Young UK voters got the short end of the Brexit stick

LONDON, ENGLAND- JUNE 24: A young couple painted as EU flags protest on outside Downing Street against the United Kingdom's decision to leave the EU following the referendum on June 24, 2016 in London, United Kingdom. The United Kingdom has gone to the polls to decide whether or not the country wishes to remain within the European Union. After a hard fought campaign from both REMAIN and LEAVE the vote is too close to call. A result on the referendum is expected on Friday morning. (Photo by Mary Turner/Getty Images)
Caption
LONDON, ENGLAND- JUNE 24: A young couple painted as EU flags protest on outside Downing Street against the United Kingdom's decision to leave the EU following the referendum on June 24, 2016 in London, United Kingdom. The United Kingdom has gone to the polls to decide whether or not the country wishes to remain within the European Union. After a hard fought campaign from both REMAIN and LEAVE the vote is too close to call. A result on the referendum is expected on Friday morning. (Photo by Mary Turner/Getty Images)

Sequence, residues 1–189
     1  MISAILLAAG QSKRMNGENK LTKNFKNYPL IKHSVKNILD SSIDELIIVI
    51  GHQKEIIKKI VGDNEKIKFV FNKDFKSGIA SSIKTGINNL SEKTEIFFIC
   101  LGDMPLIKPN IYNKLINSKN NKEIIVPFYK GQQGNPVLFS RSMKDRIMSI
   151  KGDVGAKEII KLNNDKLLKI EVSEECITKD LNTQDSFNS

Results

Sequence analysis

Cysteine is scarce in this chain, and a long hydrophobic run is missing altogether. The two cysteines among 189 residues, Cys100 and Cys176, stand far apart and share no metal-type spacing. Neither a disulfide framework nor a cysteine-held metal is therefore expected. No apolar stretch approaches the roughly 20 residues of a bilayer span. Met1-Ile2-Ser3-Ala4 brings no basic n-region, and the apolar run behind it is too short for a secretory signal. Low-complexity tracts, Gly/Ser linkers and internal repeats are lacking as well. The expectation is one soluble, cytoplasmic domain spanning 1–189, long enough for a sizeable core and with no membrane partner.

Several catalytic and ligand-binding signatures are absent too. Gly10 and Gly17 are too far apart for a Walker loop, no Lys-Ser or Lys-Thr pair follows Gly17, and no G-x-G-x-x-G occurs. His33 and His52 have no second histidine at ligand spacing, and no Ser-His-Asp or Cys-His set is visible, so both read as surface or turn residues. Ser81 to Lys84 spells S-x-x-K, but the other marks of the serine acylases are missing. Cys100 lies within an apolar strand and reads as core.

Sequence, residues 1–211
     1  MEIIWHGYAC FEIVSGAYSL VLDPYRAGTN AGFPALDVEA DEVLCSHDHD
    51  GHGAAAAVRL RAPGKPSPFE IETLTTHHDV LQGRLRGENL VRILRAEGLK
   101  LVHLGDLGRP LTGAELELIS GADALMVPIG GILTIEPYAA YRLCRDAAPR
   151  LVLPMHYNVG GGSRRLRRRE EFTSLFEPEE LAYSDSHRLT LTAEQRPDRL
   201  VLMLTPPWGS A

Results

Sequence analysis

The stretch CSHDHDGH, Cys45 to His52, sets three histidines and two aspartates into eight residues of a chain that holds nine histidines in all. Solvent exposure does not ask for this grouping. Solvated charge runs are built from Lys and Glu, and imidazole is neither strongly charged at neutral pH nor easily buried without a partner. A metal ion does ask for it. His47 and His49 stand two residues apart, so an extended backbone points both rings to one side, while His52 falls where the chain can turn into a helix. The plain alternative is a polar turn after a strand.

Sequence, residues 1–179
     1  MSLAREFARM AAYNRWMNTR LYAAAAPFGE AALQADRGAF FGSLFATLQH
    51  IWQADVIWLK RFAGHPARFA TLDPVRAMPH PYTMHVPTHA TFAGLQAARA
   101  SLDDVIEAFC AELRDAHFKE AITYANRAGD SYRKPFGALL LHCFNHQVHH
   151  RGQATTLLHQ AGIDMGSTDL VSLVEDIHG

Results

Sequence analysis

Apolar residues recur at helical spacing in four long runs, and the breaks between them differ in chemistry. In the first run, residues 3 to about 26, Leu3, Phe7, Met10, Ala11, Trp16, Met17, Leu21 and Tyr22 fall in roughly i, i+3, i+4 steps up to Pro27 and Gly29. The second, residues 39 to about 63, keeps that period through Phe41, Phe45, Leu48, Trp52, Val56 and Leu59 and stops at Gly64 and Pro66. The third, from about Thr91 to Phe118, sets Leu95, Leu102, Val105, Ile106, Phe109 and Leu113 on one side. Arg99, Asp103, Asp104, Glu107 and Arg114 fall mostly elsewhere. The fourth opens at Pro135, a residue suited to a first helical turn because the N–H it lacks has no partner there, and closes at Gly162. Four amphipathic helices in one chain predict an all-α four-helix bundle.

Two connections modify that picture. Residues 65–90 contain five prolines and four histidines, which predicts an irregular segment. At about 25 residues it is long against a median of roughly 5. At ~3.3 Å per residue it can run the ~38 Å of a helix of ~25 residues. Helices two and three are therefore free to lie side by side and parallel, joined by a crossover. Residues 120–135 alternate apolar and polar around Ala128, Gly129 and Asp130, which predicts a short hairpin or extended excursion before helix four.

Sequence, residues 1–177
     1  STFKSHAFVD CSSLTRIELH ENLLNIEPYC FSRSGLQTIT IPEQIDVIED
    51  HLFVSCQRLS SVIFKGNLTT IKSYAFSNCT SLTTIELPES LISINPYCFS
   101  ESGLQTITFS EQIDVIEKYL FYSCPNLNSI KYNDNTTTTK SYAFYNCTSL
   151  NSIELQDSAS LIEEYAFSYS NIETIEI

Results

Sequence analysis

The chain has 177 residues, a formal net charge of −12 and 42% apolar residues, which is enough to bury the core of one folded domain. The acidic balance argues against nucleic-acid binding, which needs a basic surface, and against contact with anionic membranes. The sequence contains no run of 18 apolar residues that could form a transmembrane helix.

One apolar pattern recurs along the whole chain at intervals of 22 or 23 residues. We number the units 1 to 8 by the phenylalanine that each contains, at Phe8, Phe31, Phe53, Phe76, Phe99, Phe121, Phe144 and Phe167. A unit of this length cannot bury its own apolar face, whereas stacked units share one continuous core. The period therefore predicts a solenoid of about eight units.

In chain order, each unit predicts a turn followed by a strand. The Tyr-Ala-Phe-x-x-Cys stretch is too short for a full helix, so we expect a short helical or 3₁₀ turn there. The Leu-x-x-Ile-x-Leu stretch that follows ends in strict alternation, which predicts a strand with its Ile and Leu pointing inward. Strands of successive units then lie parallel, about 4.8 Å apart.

Credit: Mary Turner

Credit: Mary Turner

The U.K. voted to leave the European Union by a pretty close margin — 52 percent to 48 percent. But the results were less even when split along demographic lines.

The referendum has left young voters with the biggest hangover: Around 73 percent of 18- to 24-year-olds voted to remain in the bloc. Older voters were more likely to favor a Brexit: 60 percent of voters over 65 years old wanted to leave the EU.

>> RELATED STORY: UK votes in favor of 'Brexit': 5 things to know

The large age gap has led the country's youth to accuse the older generation of selling out their futures by cutting them off from the benefits of EU membership.

One person told The Guardian: "We are Europeans. We are citizens of the world. We didn't vote to leave Europe, but you're snatching it away from us."

>> Read more trending stories

Voter turnout is partly responsible for the result. Areas with higher percentages of older voters saw more people voting. The Telegraph notes the three British regions that voted to stay in the EU had some of the lowest turnout.

And education and class also played a big factor in determining the vote. Middle- and upper-class voters, as well as voters with a college degree, wanted to stay in the EU, while people with secondary education or lower supported a Brexit.

This video includes images from Getty Images and clips from 10 Downing Street and Channel 4